Exactly a century ago European writer Felix Salten published a novel (1922). It was acclaimed and made the author famous. The book, "Bambi: A Life In The Woods," was a best-seller. Today, Salten's novel is forgotten; it was overshadowed by Walt Disney's later animation which bowdlerized Salten's story.
The novel -- written for adults, not children -- is a remarkable work of real imagination. It depicts the state of nature and confronts major issues of existential importance. My favorite chapter is one in which two leaves discuss what death will be like as they watch their companions wither and fall off a tree. "Do we feel anything, do we know anything about ourselves when we're down there?"
Some readers interpret Salten's "Bambi" as an allegory for the plight of Jews in Nazi Germany. In fact, the Nazis banned and burned the book. I, however, agree with a New Yorker magazine writer in the current issue; I don't read the book that way. There is political depth to the novel but that wasn't Salten's focus.
Can the story of an interesting book obscured by a cartoon adaptation get more interesting? Yes, it can. Salten's novel was translated into English by Whittaker Chambers. Why is that name familiar to us? Because Chambers was secretly an American spy for the Soviet Union during the 1930s and the center of a huge political scandal.
Chambers grew up on Long Island (in Lynbrook) and was the most talented writer-editor at prestigious Time magazine. His history includes the Alger Hiss controversy (during a House Un-American Activities Committee hearing in 1948 Chambers accused Hiss of having been a fellow Communist spy), the "Pumpkin Papers" (Chambers hid spy documents in a hollowed-out pumpkin) and, improbably, Chamber's being posthumously awarded the Presidential Medal of Freedom by Ronald Reagan in 1984. Chamber's story has more angles than a dame in a film noir drama. :)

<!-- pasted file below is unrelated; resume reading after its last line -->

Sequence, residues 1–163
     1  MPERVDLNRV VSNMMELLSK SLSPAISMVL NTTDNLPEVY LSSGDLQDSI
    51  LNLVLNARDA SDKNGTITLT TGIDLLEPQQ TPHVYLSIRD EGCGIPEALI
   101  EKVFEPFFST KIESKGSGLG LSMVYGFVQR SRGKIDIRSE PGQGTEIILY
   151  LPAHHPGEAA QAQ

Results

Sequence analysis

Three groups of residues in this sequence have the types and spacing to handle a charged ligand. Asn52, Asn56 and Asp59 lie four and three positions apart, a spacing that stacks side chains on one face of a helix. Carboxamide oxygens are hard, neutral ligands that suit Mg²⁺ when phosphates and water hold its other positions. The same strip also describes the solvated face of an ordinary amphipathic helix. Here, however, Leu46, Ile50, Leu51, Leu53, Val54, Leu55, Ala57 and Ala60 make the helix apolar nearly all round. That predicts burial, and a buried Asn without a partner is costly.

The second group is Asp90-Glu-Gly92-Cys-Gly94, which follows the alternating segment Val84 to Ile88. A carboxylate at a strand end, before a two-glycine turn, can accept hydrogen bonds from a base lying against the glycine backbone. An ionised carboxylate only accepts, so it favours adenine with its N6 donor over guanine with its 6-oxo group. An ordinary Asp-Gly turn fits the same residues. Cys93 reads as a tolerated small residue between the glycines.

I actually have the original novel in paperback, and I read it as a child (along with the original "Heidi"). This is the same as mine: https://www.etsy.com/ca/listing/1115782352/bambi-by-felix-salten-1966-vintageReplyDelete
I'm pretty sure I still have it. I remember being confused about the leaves! I read that New Yorker article - it was interesting. Of course, I knew none of the background when I read the book!
How interesting! Your paperback is a half-century old. Yes, the New Yorker piece is wonderful and tells us so much we didn't know before.Delete
In high school, a teacher read that chapter about the leaves to the class, and it's always stayed with me.ReplyDelete
Wow, good choice!Delete
Interesting! I just watched a show about fairytales and where they come from. It was Explained on Netlix. It was just a quick episode but it showed how old the (origin) stories really are the themes are copied over and over and never really for childrenReplyDelete
Karen @For What It's Worth
Cool. I go look for it. Thanks.Delete
I think I was an exceptionally lucky child because my parents often paired movies WITH the books.ReplyDelete
I also think they kept me away from Bambi after the Fox and the Hound fiasco, but I definitely watched the Rats of NIMH and then my parents read me the books.
That's a good way to teach kids.Delete
I had NO idea Bambi was a story for adults and not children! And Chambers- wow. This post was quite informative, my friend!ReplyDelete
And thank you so much for the Valentine's card, Ally- that was so lovely of you to think of me!
Le Stylo Rouge
I never stop thinking (and caring) about you! :)Delete
P.S., If you have time, read the book. It's absorbing.Delete
This is so interesting, I had no idea it was based on a book. I haven't even seen the full movie (too sad) but I do know a little about the artist who was responsible for the film's look.ReplyDelete
Give the book a try; you'll be surprised at it.Delete
I had no idea Bambi was based on a book or that it was an allegorical one! Tempted to look it out!!ReplyDelete
You should. It's a fascinating read and not long.Delete